Then it will be expanded to even larger reach — communities that I’m part of like the city where I live or the educational institutes I attended, etc. If I could give back to those communities in some way — either financially or through volunteering, then I would assume I made some positive impact in their life.
Lastly, it will be expanded to people that I don’t know today. If I could build a product or business that will provide tremendous value to thousands or millions of businesses or people and allows them to achieve something bigger, then I would assume I made some positive impact in their life.
Now I’m not saying anything here that’s new. Millions of people are already leading their life this way. They’re already making a tremendous impact in other people’s life. By writing these thoughts down, it’s just helping me to appreciate and recognize what others are doing, but it’s also reiterating what’s important to me and how I should spend my time and energy.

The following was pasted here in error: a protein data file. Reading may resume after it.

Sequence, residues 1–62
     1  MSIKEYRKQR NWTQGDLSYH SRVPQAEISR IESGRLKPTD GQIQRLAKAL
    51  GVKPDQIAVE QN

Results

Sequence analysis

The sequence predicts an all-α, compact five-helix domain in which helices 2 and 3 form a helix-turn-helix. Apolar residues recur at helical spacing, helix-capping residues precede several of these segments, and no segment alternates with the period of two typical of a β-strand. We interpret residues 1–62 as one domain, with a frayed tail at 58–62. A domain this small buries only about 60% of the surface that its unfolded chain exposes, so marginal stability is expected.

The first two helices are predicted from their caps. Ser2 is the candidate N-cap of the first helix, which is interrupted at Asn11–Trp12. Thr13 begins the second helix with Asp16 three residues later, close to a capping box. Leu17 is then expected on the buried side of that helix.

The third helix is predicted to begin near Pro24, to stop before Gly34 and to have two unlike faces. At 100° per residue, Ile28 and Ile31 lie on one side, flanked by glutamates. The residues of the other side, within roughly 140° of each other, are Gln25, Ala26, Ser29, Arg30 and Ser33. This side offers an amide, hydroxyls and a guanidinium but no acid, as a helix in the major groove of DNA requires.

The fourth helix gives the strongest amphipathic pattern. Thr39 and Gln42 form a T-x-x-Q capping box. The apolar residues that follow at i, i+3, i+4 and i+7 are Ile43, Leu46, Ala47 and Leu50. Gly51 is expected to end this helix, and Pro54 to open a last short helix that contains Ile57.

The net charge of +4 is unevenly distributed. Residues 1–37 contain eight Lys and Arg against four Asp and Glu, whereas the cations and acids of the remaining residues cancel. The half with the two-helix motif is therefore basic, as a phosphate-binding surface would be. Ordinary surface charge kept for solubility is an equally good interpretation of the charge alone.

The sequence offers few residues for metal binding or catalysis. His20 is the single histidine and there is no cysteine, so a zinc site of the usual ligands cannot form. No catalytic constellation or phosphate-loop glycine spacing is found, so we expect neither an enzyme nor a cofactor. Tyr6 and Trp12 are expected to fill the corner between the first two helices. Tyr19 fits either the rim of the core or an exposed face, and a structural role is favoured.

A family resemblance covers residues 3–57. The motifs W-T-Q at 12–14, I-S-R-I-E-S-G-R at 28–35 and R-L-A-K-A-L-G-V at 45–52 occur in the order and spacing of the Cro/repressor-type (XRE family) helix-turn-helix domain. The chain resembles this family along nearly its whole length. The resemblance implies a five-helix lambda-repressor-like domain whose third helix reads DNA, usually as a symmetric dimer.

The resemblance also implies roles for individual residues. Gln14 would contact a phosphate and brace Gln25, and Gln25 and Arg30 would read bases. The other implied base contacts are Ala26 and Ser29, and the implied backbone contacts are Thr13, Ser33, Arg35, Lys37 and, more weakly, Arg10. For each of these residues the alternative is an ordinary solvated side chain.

Today, I don’t do a lot of these things that I mentioned above. But it’s my wish to do as many things as possible. And I will continue to share my learnings and thoughts on this blog which essentially is also contributing in my pursuit of impact!
I try to read a lot — mostly blog articles, books, and even e-books. There is no doubt that reading helps you get smarter, improve your vocabulary, explore new ideas, etc. I mostly read about topics which are relevant to my personal and professional development and articles that add positive impact in my life, stories that inspire and motivate me to do something great. I avoid reading daily news about politics, entertainment, etc. unless it’s a really critical news. But since last year or two, in addition to reading, I’ve been addicted to listening podcasts too for my personal and professional development.